Tony: I was entering my ninth year as an elementary level building administrator and for the first time in my career, I genuinely felt like I might have something to offer a new or aspiring educational leader. The possibility of mentoring someone was of interest to me because as an educator I feel it is my responsibility to support and encourage those new to the field - to possibly help them avoid some of the landmines I hit during the early stages of my career and meet with greater levels of success. Also, it was clear to me that being paired with people through a mentoring program meant that I would do a lot of learning myself and that is always a priority for me. The appeal of #SAVMP was that it was using Twitter as the platform for the mentoring experience and that definitely spoke to my interests and made me feel like it would be much more manageable.

2. How did #SAVMP help you learn and grow as an administrator?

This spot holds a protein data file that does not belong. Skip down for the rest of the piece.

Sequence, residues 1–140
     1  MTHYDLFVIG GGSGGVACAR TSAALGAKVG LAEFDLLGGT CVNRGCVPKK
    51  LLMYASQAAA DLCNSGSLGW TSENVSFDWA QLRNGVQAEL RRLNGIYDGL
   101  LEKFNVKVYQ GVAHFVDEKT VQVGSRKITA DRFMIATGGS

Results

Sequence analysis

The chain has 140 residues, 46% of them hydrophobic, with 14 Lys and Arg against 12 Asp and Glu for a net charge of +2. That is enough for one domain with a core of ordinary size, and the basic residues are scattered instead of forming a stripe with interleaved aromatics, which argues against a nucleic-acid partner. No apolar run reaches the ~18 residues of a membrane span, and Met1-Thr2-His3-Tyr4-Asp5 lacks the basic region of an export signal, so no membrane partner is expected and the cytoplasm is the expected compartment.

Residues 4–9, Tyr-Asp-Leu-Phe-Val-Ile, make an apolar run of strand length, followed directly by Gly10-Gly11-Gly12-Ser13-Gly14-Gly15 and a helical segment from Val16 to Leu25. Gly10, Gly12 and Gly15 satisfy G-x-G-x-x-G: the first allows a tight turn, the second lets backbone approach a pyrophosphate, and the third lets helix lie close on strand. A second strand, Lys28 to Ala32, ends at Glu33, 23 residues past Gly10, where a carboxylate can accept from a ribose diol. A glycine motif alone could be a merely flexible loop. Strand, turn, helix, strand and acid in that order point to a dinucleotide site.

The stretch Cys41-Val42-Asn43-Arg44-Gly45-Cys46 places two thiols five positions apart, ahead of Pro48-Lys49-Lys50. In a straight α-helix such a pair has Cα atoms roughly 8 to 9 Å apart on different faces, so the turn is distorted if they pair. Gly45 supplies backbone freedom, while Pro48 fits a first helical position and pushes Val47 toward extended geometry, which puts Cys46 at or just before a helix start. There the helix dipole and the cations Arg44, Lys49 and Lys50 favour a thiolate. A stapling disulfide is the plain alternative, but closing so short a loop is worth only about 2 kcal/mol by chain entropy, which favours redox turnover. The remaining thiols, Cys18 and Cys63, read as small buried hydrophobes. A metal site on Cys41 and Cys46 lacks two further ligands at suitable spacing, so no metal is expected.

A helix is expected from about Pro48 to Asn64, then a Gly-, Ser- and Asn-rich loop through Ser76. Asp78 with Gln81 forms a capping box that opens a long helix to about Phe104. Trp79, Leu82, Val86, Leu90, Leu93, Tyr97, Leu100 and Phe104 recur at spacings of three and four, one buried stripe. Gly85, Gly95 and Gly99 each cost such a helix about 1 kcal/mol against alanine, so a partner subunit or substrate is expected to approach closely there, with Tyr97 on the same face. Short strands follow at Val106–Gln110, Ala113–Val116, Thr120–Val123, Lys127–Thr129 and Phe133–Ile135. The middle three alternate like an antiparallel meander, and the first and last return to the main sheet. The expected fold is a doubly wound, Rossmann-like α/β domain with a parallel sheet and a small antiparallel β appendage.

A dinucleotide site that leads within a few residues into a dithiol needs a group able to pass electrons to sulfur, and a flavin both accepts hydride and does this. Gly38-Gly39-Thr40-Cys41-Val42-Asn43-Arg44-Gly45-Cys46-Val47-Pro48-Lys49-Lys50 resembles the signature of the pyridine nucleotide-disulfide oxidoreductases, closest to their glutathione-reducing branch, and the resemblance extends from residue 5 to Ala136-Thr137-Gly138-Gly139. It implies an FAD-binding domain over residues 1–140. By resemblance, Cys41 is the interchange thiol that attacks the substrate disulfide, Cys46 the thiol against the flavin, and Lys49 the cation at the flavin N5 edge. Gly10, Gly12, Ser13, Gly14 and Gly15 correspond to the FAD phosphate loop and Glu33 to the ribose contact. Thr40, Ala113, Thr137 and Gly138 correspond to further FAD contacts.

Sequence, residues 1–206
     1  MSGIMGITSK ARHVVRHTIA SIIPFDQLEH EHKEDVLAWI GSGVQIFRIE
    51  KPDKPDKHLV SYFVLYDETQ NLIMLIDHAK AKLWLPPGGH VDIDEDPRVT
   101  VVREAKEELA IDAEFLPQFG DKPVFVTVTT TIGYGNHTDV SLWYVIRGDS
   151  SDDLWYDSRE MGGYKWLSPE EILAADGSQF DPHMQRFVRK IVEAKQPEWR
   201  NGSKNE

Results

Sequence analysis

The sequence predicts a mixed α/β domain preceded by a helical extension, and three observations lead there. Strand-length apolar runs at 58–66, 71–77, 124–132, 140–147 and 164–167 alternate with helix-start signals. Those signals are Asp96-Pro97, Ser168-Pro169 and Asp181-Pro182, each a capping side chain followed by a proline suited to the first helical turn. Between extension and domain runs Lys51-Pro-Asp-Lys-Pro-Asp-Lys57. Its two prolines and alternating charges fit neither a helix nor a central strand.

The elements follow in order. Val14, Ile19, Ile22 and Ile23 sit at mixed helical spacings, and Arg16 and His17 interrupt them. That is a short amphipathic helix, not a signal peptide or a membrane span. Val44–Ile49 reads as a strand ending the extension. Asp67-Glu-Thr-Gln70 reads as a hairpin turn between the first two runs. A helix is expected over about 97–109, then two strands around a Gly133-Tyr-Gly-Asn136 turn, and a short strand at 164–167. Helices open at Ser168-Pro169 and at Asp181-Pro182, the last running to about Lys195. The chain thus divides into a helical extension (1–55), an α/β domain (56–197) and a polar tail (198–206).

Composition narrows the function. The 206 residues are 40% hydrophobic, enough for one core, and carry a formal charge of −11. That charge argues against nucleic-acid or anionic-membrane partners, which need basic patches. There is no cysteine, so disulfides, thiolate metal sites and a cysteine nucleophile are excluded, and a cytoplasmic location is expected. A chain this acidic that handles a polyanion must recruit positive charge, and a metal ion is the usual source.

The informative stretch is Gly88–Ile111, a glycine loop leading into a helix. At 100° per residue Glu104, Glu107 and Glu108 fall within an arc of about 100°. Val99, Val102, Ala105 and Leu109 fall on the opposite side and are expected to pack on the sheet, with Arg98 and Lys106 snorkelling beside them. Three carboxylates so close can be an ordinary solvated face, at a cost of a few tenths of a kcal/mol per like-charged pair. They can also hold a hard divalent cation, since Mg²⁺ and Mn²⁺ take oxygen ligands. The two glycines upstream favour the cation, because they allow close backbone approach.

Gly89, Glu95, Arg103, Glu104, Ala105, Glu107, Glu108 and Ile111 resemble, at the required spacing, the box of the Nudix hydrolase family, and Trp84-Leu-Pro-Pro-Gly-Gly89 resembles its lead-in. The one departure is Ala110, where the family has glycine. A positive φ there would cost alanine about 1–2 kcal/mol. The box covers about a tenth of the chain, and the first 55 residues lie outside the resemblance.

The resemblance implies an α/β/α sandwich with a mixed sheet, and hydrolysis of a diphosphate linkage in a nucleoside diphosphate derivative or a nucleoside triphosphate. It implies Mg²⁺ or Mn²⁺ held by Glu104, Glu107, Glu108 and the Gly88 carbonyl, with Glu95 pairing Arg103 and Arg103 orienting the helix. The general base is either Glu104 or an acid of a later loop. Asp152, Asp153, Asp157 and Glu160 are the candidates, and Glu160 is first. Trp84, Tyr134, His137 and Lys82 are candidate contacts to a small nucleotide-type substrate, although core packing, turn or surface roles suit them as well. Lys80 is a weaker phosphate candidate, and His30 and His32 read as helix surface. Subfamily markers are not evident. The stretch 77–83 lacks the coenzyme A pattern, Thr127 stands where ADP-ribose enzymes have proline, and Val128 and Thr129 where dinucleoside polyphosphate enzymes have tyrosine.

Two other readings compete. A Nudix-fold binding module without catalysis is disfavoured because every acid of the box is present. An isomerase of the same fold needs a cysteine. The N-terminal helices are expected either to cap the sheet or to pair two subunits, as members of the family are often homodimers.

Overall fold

Andrew: I am one of those people who claim, “I have never won anything in my life”... until now. I won the lottery by getting Tony Sinanis as my mentor. He immediately reached out to me through twitter and we began learning together right away. He gave me feedback on my blog posts and encouraged me to stretch my thinking as a school leader. I think more than anything, #SAVMP exposed me to a different type of school leader than I have observed in my career. There’s power in learning from someone across the country who works with a different population. There’s agency in a process that encourages sharing of ideas and leadership styles. My interaction with my mentor provided all of that, and more. As I began to interview for different administrative jobs, I scheduled Google Hangouts and phone calls with my mentor. Tony was an amazing asset to have in my corner- always coaching me on the logistics of answering questions but also giving me the confidence I needed to be successful.